Local,  Stories

The Trail to a Two-Wheeled Community

Photography by Jonathan Hagen

Written by Ethan Froelich

Lloyd Peckham stared at the sweetgum tree in front of Thompson Hall and an idea began to form in his mind. The intercultural studies professor had just made it through three flats on his daily, 20-mile bike commute from Santa Ana, arriving onto Biola’s campus just in time. His class now over, Peckham had a Felt carbon-fiber 20-speed touring bike that was dead on the pavement, but somehow needed to get him to the nearest bike shop. The tree had his solution. Gathering leaves and small burrs, Peckham stuffed the space between the rim and his bike tire with the organic material. This alternative to air provided just enough cushion to allow him to arrive safely at a bike shop to buy much-needed new rims and tires.

This type of out-of-the-box thinking comes from a lifetime of bike riding. From his teenage years of riding everywhere on his bike, to riding through the jungles of the Philippines, Indonesia and Singapore during his 32-year missionary career; Peckham has found himself on a bike wherever he is.

“Most people have the bike, and have the desire, but they don’t know how to change their tires, or fix their bikes,” says Peckham. He warns lightheartedly, “If there is a bike that is broken at a bike rack on campus, there is a good chance you will see me trying to fix it.”

Los Angeles County does not show up on a list of the top 10 biking cities in America. Nor does it place on a list of the top 25 or 50. Los Angeles County, to the untrained eye, appears to have been swallowed by the car. Yet bikes have their own territory, sheltered from anything with a motor. Networks of trails like the Coyote Creek Bike Trail and the San Gabriel River Trail, which run through parts of LA County, are little-known highways of two-wheels.

With 710 bike spots available, according to Grounds Manager Jim Curran, and 436 registered bikes currently on campus, according to Justin Shelby, administrative operations manager at Campus Safety; Biola already hosts a student culture ready to bike. But before thousands of miles stick to a bike frame, and wheels have experienced countless flats, you need a training ground.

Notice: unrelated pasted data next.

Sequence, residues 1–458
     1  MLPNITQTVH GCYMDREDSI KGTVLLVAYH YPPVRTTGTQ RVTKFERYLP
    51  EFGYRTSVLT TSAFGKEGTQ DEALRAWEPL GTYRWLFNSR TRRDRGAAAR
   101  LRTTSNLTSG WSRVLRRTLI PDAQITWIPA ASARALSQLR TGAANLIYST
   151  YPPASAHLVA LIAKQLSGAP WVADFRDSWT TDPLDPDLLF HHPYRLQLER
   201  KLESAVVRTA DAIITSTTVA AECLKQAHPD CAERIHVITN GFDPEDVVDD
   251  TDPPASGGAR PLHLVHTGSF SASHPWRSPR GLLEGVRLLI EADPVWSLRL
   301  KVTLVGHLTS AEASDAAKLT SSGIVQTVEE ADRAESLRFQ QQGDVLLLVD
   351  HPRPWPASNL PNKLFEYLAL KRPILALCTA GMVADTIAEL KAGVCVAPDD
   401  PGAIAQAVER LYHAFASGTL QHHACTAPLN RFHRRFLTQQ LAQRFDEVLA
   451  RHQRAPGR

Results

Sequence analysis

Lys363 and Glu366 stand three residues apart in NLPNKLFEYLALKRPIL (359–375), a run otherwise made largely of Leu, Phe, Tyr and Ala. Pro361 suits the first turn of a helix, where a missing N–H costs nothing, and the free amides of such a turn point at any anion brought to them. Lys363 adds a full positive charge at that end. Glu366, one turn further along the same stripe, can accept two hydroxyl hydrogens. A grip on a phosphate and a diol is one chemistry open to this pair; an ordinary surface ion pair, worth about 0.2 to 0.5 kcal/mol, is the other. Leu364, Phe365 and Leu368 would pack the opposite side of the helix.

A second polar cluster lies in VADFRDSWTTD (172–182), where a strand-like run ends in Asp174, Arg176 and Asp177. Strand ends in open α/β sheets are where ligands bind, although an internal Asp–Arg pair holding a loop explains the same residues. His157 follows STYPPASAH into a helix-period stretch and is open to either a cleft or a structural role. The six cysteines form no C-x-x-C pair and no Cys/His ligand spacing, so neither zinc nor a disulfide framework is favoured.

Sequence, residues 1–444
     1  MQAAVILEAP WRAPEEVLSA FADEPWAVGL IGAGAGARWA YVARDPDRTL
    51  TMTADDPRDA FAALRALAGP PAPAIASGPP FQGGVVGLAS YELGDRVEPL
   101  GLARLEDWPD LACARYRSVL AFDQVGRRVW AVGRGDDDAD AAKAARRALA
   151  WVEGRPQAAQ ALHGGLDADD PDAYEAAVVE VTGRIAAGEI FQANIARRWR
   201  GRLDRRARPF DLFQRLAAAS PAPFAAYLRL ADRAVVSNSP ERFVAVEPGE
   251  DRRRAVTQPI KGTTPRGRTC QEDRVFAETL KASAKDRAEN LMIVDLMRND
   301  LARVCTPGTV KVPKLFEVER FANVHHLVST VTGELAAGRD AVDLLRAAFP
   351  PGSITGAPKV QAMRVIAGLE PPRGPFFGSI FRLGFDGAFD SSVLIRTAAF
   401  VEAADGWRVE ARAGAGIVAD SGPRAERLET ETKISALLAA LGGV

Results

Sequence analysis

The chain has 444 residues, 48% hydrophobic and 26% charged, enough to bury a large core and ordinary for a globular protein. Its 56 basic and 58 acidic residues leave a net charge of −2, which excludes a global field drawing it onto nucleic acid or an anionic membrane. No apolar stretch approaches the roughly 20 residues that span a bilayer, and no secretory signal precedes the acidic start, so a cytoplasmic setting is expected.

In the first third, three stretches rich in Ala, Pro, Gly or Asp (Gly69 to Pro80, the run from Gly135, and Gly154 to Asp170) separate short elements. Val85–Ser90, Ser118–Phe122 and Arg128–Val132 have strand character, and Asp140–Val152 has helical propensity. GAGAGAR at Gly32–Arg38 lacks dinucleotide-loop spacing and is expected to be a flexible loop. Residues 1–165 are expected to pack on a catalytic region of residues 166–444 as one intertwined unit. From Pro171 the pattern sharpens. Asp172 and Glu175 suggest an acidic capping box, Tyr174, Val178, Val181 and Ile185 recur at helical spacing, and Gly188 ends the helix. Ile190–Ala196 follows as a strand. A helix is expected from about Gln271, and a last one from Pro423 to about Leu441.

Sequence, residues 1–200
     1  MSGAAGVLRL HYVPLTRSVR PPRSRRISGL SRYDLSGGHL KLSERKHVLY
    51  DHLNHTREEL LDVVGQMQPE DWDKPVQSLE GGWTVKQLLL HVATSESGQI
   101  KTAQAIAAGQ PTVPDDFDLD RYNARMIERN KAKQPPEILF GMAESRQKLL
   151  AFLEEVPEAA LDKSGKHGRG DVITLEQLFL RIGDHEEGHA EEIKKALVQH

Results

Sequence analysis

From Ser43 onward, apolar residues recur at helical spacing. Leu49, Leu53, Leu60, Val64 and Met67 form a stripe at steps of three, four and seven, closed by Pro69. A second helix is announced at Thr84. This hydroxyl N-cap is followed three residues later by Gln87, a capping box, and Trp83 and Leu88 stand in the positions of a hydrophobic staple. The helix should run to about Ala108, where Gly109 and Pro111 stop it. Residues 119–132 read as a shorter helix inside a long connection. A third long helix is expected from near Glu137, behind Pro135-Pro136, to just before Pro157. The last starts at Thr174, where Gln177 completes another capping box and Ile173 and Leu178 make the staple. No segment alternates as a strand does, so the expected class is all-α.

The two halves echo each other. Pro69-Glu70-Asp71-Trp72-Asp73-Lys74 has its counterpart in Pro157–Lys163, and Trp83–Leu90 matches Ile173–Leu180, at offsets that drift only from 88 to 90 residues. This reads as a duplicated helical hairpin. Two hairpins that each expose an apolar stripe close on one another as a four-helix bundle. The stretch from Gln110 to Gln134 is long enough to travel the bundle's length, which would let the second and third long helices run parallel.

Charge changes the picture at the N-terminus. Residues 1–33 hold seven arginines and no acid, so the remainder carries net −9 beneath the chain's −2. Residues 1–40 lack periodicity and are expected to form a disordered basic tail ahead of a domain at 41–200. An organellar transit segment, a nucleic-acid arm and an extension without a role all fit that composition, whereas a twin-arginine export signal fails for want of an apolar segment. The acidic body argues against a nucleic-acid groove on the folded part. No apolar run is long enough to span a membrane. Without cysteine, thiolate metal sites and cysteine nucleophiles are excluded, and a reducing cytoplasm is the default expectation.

The Coyote Creek Bike Trail

The air smells fresher, as rains flood the concrete Coyote Creek drainage canal, resurrecting grasses along the sides of the elevated bike trail. Lemon and orange trees are producing, flowers are blooming; all trumpeting the return of spring. The Coyote Creek Bike Trail is a snake of pavement that has camouflaged itself among us. It is a narrow, two-lane, eight-mile strip of varying concrete and asphalt surfaces, running alongside the Coyote Creek drainage canal. After nine miles, Coyote Creek merges with the San Gabriel River Trail for the final four miles to Seal Beach and the Pacific ocean.

There are two main entrances to the trail in the La Mirada vicinity: one heading west on Rosecrans Avenue right after the train tracks halfway between Biola Avenue and the Interstate 5 freeway; the other is off Foster Avenue slightly farther north. An orange sign with authoritative black letters announce that the Coyote Creek Bike Trail is definitively closed from April 2012-June 2014 at the Rosecrans entrance. It lies.

To people who use the trail often, the sign is essentially meaningless. While the trail is indeed fenced off for a few hundred yards with metal beams lying beside churned earth, riders can simply walk their bikes down into Coyote Creek’s concrete riverbed, ride for less than a minute, and then walk their bikes back up onto the trail. Peckham takes students on rides down the trail and loves to see them “rough it” by having to hop down into the riverbed.

“It’s great to watch people get a more radical radius to their lives,” says Peckham. He says that people too often neglect fitness and do not get out into nature often enough, something that riding the trail remedies.